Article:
Twenty years after Fairview Health rescued the University of Minnesota’s financially ailing hospitals and clinics, the hospital organization is considering a merger with the university’s private physicians group, creating a single health care provider that can keep pace with a changing market that demands efficiency.
The U’s Board of Regents is expected to vote Friday to begin merger talks between Fairview, which runs 42 clinics and seven hospitals — including the university medical center — and University of Minnesota Physicians (UMP), a large group practice of 750 doctors that also provides faculty for the U’s medical school.
While the organizations are already intertwined, their separate leadership and practice plans create inefficiencies compared with competitors with salaried doctors such as HealthPartners and Mayo Clinic.
Bringing the doctors under one organization was always discussed as the Fairview-University partnership evolved because separately they spend “inordinate amounts of time fighting over nickels that don’t add up to the progress of the organization,” said David Page, Fairview’s chief executive from 1998 to 2007.
Mergers and consolidations have accelerated in Minnesota lately as hospitals tried to share the costs of required technology upgrades such as electronic medical records. Duluth-based Essentia Health has taken over hospitals and clinics across Minnesota’s north, while South Dakota-based Sanford Health and the Mayo Clinic in Rochester have expanded across the south.
Payment reforms by Medicare and private insurers also spurred consolidations and the growth of multispecialty medical practices, because they reward one-stop-shop providers that take efficient overall care of patients.
By combining, health systems can better coordinate care and deliver better quality at lower cost, said Mark Pauly, a professor of health care management at the University of Pennsylvania. “If you want to coordinate care, you have to have everybody willing to obey orders. If you’re nominally independent, you may not do that.”
Fairview and university leaders declined to comment until after the regents’ vote, but a merger would presumably improve access for Fairview primary care doctors to UMP specialists, while giving UMP access to Fairview’s patient base and resources such as home health care.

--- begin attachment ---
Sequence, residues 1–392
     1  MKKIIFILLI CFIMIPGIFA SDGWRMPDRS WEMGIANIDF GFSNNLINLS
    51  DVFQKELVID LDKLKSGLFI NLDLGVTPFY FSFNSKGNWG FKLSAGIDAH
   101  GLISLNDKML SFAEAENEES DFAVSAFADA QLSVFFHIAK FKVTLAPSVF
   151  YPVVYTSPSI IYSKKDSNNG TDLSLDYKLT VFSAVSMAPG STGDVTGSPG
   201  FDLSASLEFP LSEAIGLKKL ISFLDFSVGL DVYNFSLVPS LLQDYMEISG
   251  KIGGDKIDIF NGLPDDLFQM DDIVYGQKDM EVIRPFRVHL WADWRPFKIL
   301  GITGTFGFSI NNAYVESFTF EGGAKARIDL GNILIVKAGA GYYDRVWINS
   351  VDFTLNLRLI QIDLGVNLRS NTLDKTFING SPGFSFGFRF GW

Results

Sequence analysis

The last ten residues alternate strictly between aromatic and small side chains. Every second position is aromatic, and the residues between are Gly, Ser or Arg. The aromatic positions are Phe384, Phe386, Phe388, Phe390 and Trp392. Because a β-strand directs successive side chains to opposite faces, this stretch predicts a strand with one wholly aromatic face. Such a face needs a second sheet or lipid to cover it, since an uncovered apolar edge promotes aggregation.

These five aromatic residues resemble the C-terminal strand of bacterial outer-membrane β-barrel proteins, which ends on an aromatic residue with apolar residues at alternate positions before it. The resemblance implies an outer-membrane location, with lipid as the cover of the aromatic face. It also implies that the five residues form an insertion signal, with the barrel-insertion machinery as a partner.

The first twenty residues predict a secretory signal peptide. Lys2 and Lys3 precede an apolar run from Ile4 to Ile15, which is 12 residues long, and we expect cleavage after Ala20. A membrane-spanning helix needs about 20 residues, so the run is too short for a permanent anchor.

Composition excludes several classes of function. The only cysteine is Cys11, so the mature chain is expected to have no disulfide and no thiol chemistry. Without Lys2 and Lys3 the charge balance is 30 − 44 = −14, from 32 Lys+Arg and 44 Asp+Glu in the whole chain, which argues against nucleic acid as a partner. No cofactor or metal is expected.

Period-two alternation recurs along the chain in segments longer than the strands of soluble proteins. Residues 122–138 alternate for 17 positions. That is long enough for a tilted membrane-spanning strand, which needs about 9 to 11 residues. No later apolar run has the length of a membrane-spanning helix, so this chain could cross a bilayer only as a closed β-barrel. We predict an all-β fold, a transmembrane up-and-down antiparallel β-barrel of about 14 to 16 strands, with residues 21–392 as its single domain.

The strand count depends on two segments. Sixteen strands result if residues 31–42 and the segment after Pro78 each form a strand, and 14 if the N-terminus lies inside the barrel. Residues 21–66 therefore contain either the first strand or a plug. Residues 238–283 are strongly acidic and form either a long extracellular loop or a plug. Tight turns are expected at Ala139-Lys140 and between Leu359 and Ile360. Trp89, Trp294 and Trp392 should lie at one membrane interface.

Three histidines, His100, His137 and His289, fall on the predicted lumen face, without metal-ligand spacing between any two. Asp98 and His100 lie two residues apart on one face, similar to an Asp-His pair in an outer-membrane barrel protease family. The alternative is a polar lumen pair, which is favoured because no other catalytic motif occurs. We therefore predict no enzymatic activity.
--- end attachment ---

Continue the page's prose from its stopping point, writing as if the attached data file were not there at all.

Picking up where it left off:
Fairview and university leaders may also want to “build up their brand” and geographic reach to improve their leverage with health insurers, said Allan Baumgarten, a Minneapolis health analyst. “They seek … opportunities to market themselves as an integrated provider network,” he said.
Leaders at both organizations have envisioned integration for years and considered it closely a few years ago as a pre-emptive measure when Sanford Health made a bid to acquire Fairview.
But mergers of hospitals connected to medical schools, which carry the unique costs of education and research, have been tricky in the U.S.
And despite two decades of common history, disagreements have emerged among university and Fairview leaders and caregivers — often when the missions of academic research and clinical care came into conflict.
Internal reviews earlier this year, for example, found that some Fairview staff members didn’t trust the research goals and recruiting tactics of the U’s psychiatrists. A March report by bioethics professor Michael Oakes found hospital leadership “insensitive” to these real or perceived concerns.
Performance data from MN Community Measurement also suggest differences in practice patterns between Fairview and UMP doctors. The average cost per month of patients receiving primary care from UMP was $572 last year, while the comparable figure for Fairview Medical Group was $430. The rate of colorectal cancer screening for appropriate patients was 54 percent for UMP patients but 77 percent for Fairview patients.
Whether the Fairview name will recede any further is unclear. Fairview used to receive top billing in the name of the university hospital, but a series of changes have left it as the University of Minnesota Medical Center.
Despite the challenges, a merger would be in line with national trends that press academic medical centers to not only treat and research diseases but improve patient health so diseases are avoided in the first place, said Janis Orlowski, chief health care officer for the American Association of Medical Colleges. “We need to refocus how we provide care,” she said.
Christopher Snowbeck contributed to this report.